Thursday, 28 January 2010

Let the music move you

On my repeat playllist: Roobaroo (Roshani) (face-to-face with light, Persian)
Film: Rang de Basanti (Paint me Yellow)
Singers: A. R. Rahman, Naresh Iyer

Released: 2006

The music purists may scoff, but for a non-Hindi speaking, Indian-born Indian, I am quite thrilled at my slowly burgeoning love affair with Indian music - popular and traditional. 

While a complete novice, and largely still a commercial music freak who relies on translations, the Indian composer's ability to take what could sound utterly naff in the English language and turn it into exquisite musical poetry, is something else. 

Especially when you think about the fact that many beautiful scores and songs are for the sole purpose of being paired with yet overtly fantastical cinematic plots of fluttering saris and fluttering hearts. And that the purportedly fantastic technological skills of India's movie industry are called into serious question in disjointed, awkward editing that even a novice editor would cringe at. 

I return to the words - minus the pretty frames of pouting divas and chest-shaved heroes, to the sentiments of fate, change, self realisations and universal love, and to the otherworldly voices that continue to emerge on a global stage, bringing their words and music into the collective conscious. 

Therein lies the power of prose.  Therein lies a world capable of eclipsing the steel clawed domination of American and English commercial music cultures to bring forth another kind of song and another kind of singer.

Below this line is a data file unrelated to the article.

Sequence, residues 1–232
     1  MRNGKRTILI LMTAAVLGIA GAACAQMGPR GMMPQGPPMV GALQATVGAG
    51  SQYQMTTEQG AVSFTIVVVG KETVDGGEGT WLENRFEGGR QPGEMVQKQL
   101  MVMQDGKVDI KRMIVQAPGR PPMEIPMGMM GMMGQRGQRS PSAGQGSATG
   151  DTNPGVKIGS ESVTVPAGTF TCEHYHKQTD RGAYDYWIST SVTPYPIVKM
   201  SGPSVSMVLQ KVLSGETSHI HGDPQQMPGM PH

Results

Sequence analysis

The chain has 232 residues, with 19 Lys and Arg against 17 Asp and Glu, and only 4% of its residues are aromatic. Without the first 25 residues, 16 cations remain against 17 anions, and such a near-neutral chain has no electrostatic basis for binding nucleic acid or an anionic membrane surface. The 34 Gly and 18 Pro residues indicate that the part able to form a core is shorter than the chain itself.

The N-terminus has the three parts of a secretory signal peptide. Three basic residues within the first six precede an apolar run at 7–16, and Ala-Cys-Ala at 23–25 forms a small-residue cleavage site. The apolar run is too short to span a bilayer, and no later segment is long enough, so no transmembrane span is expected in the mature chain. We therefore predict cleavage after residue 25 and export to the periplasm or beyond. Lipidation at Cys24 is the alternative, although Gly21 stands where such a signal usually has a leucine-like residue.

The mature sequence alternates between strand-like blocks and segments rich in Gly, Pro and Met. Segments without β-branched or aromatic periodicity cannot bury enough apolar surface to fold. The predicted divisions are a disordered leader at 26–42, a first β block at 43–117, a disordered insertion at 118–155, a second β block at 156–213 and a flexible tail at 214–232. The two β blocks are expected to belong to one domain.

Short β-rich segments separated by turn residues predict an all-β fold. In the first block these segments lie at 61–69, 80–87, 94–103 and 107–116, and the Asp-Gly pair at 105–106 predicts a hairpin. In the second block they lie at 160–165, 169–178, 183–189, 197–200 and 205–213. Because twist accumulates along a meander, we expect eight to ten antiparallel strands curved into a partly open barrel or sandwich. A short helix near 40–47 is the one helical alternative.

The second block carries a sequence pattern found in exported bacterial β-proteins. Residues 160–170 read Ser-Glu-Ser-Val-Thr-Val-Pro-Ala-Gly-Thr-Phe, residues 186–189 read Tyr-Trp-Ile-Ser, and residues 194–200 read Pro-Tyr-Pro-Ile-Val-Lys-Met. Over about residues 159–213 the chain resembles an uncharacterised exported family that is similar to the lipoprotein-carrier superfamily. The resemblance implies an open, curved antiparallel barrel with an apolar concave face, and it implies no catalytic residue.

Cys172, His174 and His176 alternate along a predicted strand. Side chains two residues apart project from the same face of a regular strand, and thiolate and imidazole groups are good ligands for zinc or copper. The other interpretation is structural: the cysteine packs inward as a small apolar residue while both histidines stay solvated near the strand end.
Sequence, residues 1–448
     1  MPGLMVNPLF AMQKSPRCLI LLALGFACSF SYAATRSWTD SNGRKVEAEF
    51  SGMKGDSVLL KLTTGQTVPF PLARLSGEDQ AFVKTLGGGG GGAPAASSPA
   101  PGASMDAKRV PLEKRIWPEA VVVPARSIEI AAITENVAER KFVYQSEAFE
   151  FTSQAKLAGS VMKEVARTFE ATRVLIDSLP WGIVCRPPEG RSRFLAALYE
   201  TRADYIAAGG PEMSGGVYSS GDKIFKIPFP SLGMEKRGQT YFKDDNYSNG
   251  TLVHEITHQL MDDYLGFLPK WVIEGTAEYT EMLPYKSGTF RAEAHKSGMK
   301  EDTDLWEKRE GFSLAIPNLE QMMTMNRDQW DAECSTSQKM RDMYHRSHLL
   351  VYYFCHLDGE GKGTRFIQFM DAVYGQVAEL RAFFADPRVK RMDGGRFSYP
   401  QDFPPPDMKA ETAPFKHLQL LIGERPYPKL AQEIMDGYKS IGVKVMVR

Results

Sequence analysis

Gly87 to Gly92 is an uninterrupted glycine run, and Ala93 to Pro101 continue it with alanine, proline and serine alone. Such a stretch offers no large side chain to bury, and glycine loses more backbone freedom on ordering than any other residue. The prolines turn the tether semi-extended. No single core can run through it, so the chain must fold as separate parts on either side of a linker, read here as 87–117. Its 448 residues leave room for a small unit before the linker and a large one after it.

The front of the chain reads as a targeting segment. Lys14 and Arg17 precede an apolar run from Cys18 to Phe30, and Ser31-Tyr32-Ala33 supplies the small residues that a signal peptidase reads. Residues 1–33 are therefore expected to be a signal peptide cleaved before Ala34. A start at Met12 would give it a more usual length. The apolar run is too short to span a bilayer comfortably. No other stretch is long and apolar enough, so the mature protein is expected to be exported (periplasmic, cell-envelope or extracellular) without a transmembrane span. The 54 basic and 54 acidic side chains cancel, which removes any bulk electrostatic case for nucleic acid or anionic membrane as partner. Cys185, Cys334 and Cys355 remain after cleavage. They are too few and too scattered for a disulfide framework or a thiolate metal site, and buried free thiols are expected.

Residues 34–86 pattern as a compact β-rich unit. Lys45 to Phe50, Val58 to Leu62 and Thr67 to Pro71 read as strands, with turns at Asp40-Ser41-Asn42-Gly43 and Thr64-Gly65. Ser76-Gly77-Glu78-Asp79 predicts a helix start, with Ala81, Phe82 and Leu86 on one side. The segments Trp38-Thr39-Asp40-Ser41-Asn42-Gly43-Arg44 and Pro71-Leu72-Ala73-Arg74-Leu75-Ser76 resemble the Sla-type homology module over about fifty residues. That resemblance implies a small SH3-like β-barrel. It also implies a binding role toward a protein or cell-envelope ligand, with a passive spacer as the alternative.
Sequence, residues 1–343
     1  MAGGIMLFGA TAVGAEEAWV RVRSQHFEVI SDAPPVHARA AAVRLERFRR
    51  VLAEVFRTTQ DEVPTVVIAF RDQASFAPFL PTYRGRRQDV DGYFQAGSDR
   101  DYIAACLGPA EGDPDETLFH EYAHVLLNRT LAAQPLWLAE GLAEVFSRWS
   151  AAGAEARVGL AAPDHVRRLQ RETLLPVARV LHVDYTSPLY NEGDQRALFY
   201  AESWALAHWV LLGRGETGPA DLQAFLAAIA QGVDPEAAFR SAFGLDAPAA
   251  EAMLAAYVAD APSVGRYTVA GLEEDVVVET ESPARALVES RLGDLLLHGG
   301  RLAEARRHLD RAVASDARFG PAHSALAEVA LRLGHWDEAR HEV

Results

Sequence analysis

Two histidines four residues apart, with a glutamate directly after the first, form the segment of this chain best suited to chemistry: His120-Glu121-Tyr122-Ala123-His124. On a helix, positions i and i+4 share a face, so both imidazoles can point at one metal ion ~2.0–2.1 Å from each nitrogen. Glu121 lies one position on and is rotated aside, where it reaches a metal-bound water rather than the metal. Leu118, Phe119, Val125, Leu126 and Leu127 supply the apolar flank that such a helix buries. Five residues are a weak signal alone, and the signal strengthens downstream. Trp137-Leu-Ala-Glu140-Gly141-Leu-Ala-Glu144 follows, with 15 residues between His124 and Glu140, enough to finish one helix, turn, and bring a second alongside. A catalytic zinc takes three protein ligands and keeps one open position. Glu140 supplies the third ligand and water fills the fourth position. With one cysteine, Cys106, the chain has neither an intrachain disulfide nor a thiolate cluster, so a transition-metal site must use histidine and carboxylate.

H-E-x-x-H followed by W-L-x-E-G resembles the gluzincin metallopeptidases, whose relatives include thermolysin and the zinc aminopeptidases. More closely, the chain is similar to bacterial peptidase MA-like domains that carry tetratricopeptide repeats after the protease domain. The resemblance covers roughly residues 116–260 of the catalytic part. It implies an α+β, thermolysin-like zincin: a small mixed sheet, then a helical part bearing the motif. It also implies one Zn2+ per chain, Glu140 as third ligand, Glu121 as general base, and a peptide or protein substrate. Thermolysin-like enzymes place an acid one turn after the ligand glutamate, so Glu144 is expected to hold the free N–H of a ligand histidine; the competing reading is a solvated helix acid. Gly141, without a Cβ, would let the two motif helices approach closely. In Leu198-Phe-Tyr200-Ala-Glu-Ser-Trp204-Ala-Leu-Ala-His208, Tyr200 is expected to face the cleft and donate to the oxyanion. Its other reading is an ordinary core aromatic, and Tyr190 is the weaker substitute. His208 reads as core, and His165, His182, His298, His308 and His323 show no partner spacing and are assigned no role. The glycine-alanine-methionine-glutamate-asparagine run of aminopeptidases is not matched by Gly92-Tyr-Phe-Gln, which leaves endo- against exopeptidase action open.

India's evocative musical soul still remains barely known beyond the lynchpins of Ravi Shankar, Nusrat Fateh Ali Khan and now, A R Rahman. Yet it appears to be an industry that continues to evolve with a flourish, riding no doubt on the wings of a richly traditional and much trawled musical history, but with height and depth and sideways movement that speaks of a musical evolution reflective of India's changing times. 

It is much more than Jai Ho!, yet it also is; there is a sense of spirit and of transporting oneself in the moment wrapped in a captivating voice or a set of chords, as India's biggest tipping point to global pop status Sonu Niigaam recently proved in a Singapore concert I had the pleasure of attending. Or, how a set in a fiercely independent (and cool) music dive like Blue Frog in Mumbai speaks of a deeply established affinity and understanding of how alternate music incarnations can move people, how collaboration can be acute and subtle yet large, in the context of the development of sound. 

That ability to rise with the music, to forget oneself in the moment and move with the groove is nothing new to India or Indians. That music is an ecstatic ride - be it for love of another, for Godly things, for the pure pleasure of sound creation and feeling is widespread and firmly shared across the country. To my head, it is ironically the single thing that eliminates Indian's perpetual wrestle with class and status. 

Appreciation of music and music cultures are not confined to India, obviously. Yet hers is a special sort of communion with melody and words that, having personally witnessed in my associations with her,  warrants a close, deeper look, because the ears, they are a-opening across the globe and the time, is now. 

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